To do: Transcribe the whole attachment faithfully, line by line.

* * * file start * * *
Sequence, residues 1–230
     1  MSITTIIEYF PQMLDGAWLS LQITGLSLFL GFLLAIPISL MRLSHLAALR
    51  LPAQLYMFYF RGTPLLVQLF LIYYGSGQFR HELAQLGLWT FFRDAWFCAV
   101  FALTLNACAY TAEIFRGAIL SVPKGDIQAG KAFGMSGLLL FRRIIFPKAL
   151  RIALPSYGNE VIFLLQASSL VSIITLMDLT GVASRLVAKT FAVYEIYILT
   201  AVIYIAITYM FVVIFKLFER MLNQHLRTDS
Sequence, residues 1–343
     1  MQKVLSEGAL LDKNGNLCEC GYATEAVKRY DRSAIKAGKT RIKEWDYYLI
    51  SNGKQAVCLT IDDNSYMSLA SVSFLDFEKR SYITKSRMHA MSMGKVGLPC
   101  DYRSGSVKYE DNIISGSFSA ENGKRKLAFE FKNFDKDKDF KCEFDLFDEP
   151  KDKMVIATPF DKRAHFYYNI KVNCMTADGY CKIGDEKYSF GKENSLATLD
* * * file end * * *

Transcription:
Sequence, residues 1–230
     1  MSITTIIEYF PQMLDGAWLS LQITGLSLFL GFLLAIPISL MRLSHLAALR
    51  LPAQLYMFYF RGTPLLVQLF LIYYGSGQFR HELAQLGLWT FFRDAWFCAV
   101  FALTLNACAY TAEIFRGAIL SVPKGDIQAG KAFGMSGLLL FRRIIFPKAL
   151  RIALPSYGNE VIFLLQASSL VSIITLMDLT GVASRLVAKT FAVYEIYILT
   201  AVIYIAITYM FVVIFKLFER MLNQHLRTDS
Sequence, residues 1–343
     1  MQKVLSEGAL LDKNGNLCEC GYATEAVKRY DRSAIKAGKT RIKEWDYYLI
    51  SNGKQAVCLT IDDNSYMSLA SVSFLDFEKR SYITKSRMHA MSMGKVGLPC
   101  DYRSGSVKYE DNIISGSFSA ENGKRKLAFE FKNFDKDKDF KCEFDLFDEP
   151  KDKMVIATPF DKRAHFYYNI KVNCMTADGY CKIGDEKYSF GKENSLATLD